Logistical Factors

As suggested in the preceding chapter, the acceptance of immediate amputation for most compound fractures was strongly influenced by the opinions of military and naval surgeons who, having extensive experience of such injuries, were prepared to advise a similar approach in civilian life. However, not only were gunshot wounds contaminated with much foreign material and necrotic tissues, unlike most open fractures of civilian practice, but the particular circumstances of the battlefield also required consideration. As Petit observed, evacuation of soldiers from the field was often delayed and then followed by a long painful period of transport, with fractures poorly splinted, in a bone-shaking cart before reaching medical facilities. This transit was associated with continuing blood loss, painful movement of the fractures, often exposure to great heat or to great cold, all of which reduced the strength of the injured profoundly and hence their chances of surviving a delayed amputation. Petit and others believed early amputation on the field was essen-tial.35 Even the injured believed immediate operation was best, not least because their courage diminished with time, as Wiseman affirmed:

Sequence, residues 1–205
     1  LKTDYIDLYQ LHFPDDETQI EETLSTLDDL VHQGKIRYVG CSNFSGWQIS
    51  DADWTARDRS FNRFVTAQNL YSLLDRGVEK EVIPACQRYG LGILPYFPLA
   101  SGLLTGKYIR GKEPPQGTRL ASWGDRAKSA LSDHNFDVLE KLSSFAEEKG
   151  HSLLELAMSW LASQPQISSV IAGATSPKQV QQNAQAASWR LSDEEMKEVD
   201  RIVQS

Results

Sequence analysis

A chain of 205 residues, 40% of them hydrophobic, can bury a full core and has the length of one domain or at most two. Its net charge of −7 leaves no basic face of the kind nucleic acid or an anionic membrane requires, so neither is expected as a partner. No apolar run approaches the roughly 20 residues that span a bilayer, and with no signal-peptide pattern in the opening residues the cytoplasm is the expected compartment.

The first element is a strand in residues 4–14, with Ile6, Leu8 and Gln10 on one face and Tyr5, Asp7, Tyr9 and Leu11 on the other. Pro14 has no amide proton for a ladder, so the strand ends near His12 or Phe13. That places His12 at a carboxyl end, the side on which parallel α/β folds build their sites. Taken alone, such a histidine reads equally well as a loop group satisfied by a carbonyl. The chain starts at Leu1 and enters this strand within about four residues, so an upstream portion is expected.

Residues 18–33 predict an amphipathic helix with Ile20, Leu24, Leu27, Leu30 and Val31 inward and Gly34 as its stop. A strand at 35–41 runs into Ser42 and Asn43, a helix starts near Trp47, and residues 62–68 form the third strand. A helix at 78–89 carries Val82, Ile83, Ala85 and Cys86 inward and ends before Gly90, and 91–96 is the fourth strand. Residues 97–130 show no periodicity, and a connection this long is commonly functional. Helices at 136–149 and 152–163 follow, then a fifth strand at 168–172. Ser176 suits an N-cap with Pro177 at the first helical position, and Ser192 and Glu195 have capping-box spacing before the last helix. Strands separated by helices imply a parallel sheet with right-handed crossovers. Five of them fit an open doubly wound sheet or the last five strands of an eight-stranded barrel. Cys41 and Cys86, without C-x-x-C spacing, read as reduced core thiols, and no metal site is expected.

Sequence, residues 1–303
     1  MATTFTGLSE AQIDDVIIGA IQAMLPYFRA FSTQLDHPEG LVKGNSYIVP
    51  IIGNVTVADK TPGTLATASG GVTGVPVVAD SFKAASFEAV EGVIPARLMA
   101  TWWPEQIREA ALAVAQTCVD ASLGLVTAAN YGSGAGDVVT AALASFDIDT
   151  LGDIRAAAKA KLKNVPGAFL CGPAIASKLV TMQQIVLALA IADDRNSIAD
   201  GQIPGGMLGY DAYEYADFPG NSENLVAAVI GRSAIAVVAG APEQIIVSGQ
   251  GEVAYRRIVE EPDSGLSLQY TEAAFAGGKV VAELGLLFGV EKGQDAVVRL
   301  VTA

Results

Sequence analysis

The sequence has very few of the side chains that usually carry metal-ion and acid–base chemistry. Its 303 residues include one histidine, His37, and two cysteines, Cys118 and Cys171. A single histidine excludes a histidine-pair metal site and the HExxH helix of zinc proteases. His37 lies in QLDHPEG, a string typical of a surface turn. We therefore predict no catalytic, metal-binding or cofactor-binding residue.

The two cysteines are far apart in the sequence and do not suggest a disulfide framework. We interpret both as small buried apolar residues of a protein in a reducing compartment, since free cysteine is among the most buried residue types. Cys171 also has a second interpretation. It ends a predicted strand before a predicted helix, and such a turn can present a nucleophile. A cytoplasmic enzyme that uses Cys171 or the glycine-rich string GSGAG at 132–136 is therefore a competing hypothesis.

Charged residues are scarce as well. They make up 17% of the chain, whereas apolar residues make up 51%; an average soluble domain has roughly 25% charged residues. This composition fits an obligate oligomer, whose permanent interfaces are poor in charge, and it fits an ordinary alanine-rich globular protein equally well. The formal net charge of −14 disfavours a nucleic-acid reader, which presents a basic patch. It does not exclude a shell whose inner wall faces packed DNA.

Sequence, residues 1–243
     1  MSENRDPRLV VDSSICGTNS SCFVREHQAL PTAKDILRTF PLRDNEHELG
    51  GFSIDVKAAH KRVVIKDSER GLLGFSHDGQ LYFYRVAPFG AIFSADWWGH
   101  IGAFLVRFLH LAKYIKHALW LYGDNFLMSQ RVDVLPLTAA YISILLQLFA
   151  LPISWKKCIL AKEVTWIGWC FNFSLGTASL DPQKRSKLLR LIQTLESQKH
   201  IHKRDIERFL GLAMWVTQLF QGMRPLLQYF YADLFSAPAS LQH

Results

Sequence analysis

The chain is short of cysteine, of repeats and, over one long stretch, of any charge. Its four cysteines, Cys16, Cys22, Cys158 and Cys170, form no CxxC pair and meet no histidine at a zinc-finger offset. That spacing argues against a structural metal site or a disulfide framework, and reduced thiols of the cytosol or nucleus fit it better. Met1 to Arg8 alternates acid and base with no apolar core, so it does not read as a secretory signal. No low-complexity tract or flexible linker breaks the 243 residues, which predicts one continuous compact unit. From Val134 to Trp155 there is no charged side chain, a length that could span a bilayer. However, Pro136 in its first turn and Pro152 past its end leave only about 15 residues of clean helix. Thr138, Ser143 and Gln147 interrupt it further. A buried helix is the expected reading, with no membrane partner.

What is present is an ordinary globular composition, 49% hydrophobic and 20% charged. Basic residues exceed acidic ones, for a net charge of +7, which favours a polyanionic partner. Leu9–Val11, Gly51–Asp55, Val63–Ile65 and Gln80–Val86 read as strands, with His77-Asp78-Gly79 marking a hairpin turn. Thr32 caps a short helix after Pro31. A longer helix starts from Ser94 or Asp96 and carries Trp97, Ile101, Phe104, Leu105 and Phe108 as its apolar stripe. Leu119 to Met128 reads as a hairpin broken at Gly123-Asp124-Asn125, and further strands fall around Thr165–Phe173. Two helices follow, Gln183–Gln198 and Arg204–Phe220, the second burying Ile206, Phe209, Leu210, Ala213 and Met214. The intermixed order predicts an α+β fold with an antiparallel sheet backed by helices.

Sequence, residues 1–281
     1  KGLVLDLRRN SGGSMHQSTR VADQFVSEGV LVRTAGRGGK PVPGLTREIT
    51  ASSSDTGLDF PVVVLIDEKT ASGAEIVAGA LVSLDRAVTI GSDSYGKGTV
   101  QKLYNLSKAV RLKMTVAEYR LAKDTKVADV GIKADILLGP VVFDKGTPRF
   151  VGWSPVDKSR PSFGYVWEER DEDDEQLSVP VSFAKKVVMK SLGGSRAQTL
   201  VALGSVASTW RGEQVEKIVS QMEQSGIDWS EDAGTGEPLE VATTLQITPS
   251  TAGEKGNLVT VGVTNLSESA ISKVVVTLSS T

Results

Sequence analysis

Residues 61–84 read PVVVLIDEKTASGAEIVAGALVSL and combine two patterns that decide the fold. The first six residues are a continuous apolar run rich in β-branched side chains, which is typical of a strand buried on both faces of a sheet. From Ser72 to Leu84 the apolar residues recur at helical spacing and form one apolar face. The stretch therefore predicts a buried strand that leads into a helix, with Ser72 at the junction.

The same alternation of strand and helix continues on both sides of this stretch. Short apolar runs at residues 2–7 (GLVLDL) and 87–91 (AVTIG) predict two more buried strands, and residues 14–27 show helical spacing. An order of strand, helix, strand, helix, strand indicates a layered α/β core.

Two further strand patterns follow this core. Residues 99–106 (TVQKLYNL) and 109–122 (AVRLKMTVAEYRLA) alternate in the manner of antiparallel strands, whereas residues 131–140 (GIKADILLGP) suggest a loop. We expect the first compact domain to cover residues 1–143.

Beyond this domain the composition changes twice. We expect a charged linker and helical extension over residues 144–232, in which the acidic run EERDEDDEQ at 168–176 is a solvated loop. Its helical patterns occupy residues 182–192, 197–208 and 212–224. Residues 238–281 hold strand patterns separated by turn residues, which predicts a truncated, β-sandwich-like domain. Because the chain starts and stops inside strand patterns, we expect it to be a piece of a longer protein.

"And a Walloon earnestly begged of me to cut off his shattered Leg: which whilst I was doing, he cried, 'Depeche vous connous vendrone a terre mous bioran' (Hurry up, when we get ashore we'll have a drink). Also others have urged me to dismember their shattered Lims at such a time, when the next day they have protest rather to die ... Therefore you are to consider well the Member, and if you have no probable hope of Sanation, cut it off quickly, while the Soldier is heated and in mettle."36